Lance Armstrong Settles Fraud Case for $5 Million

As we have previously reported, Lance Armstrong has been battling a dispute with former teammate, Floyd Landis, and the United States Postal Service (USPS) over his illicit use of performance-enhancing drugs (PEDs), which has apparently cost the government millions in undue sponsorship costs. On April 29, 2018, Armstrong agreed to settle the issue for $5 million, although the USPS initially sought close to $100 million. Of that $5 million, Landis is expected to receive $1.65 million. The stir initially began in 2006, when Armstrong…
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Discovery Disputes Continue in Lance Armstrong, DOJ Lawsuit

In June 2010, Floyd Landis — retired professional road racing cyclist — filed a lawsuit under the federal False Claims Act, alleging that the doping at the United States Postal Service (USPS) professional cycling team amounted to defrauding the federal government, which was the team’s primary sponsor. Landis named a number of defendants, including seven time Tour de France winner Lance Armstrong. In 2013, the federal government, represented by the United States Department of Justice, joined the lawsuit. The False Claims Act is designed to…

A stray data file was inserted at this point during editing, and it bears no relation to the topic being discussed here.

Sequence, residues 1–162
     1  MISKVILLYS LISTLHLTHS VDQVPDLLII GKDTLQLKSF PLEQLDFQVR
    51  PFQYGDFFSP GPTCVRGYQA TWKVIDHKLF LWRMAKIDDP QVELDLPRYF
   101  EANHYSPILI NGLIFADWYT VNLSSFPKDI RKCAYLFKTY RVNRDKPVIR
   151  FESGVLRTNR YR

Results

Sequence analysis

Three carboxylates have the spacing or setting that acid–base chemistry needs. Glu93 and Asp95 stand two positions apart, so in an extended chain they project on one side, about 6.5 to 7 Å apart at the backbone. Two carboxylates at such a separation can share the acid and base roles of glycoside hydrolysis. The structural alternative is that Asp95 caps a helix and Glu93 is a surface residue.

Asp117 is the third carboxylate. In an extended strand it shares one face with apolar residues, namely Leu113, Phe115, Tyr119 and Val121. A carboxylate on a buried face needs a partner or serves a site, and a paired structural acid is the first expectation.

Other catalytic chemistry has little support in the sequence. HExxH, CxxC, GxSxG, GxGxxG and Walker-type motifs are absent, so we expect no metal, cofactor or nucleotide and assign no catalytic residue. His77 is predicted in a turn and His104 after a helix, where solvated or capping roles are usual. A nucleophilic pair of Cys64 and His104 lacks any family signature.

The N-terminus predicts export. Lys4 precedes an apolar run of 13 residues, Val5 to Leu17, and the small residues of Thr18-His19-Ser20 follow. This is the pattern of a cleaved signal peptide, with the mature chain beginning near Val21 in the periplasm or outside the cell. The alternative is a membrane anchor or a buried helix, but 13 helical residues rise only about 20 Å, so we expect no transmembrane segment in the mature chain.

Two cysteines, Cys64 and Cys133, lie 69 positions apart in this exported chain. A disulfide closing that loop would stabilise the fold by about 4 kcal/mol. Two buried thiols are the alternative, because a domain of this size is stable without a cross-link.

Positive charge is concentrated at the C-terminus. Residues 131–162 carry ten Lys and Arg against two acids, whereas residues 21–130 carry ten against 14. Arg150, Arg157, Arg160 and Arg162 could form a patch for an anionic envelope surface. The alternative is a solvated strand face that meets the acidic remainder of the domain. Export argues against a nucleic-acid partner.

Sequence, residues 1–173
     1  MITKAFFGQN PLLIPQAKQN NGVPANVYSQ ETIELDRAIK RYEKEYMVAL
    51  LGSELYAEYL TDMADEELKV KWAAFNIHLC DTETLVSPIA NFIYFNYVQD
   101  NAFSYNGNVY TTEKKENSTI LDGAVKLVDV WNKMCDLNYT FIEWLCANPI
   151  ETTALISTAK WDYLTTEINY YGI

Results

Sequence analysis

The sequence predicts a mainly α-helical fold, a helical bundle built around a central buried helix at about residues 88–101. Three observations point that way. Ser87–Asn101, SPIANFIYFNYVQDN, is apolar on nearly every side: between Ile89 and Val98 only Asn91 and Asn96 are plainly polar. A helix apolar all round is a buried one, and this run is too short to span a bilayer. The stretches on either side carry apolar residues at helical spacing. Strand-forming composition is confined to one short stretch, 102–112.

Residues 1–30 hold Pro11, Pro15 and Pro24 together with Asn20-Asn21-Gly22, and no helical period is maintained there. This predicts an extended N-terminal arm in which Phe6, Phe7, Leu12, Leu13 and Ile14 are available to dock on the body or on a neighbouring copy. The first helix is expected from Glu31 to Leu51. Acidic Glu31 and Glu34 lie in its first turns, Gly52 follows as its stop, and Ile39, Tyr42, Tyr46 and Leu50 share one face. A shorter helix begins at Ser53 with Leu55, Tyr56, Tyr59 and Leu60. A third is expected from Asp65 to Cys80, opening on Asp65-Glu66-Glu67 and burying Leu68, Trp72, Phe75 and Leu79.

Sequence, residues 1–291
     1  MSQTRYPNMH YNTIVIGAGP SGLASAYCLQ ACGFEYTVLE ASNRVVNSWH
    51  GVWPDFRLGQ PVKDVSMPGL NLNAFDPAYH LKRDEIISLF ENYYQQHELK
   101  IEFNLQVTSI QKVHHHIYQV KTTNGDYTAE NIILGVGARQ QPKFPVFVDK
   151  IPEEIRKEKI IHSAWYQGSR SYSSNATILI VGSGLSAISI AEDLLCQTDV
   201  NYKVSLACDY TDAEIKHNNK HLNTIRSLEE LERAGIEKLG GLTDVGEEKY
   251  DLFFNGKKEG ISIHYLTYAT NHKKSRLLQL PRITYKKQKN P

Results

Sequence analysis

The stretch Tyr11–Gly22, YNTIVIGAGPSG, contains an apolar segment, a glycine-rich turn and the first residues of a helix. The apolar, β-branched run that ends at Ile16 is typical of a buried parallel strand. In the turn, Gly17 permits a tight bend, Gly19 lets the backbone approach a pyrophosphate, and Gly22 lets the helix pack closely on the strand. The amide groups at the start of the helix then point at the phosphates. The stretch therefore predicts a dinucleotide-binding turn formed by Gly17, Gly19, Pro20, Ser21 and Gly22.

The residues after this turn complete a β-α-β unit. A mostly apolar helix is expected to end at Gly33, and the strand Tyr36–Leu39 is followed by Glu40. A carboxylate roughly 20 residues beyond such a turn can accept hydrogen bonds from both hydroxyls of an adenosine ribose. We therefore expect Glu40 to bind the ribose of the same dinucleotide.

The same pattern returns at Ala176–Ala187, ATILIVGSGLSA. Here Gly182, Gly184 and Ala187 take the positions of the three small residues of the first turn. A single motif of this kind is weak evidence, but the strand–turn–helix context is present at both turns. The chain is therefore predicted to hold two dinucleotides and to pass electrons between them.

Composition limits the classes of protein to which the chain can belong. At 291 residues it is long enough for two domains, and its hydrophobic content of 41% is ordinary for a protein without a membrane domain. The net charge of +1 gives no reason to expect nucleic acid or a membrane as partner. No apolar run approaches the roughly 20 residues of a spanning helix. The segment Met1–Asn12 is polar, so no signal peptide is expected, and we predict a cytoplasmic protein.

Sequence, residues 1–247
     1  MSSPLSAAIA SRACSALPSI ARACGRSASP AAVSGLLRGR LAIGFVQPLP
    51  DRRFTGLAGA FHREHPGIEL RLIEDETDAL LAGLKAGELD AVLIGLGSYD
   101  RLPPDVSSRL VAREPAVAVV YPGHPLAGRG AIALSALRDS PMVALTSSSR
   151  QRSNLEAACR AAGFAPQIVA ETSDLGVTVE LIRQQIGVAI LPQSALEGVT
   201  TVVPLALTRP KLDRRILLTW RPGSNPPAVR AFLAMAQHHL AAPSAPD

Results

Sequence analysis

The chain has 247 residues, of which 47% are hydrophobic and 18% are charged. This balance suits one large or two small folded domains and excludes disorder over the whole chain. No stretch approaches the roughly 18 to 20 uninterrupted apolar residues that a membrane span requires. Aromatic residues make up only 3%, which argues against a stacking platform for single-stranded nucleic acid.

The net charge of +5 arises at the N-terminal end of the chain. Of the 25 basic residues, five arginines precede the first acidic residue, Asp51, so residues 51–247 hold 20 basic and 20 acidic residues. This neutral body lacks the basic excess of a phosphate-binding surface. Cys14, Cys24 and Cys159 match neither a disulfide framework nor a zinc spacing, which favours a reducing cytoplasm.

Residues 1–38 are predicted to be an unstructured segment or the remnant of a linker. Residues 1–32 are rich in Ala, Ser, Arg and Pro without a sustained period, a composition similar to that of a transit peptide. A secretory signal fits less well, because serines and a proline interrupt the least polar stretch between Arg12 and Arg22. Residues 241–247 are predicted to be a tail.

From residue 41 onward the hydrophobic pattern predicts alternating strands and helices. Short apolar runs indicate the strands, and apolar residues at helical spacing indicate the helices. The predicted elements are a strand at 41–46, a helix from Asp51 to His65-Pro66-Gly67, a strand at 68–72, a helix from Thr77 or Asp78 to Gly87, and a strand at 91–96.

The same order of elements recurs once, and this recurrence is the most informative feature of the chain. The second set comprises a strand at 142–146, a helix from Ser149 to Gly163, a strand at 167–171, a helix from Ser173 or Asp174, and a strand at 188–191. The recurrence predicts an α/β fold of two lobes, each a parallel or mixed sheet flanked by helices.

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Privileged Communications: Lance Armstrong Opposes Requests for Williams & Connolly LLP Documents

In a False Claims Act lawsuit filed by former professional cyclist Floyd Landis, he recently made a motion requesting the production of communications between his former teammate Lance Armstrong, law firm Williams & Connolly LLP, and Capital Sports and Entertainment Holdings Inc. The lawsuit accuses Armstrong and others of violating a sponsorship agreement with the United States Postal Service by using performance-enhancing drugs. The agreement was worth $40 million. Attorney-client privilege may be overcome by proof that the communications at issue were made in furtherance…
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Armstrong Can’t Escape DOJ Fraud Suit

On Thursday June 19, 2014, Judge Robert Wilkins of the United States Court of Appeals for the District of Columbia ruled on Lance Armstrong’s motion to dismiss the fraud case he is facing against the US Department of Justice. In an 81 page ruling, Judge Wilkins denied Armstrong’s request without prejudice. Armstrong argued that the case should be dismissed on two grounds. First, he argued the six-year statute of limitations on bringing the suit had run. He also argued the government knew he was using…
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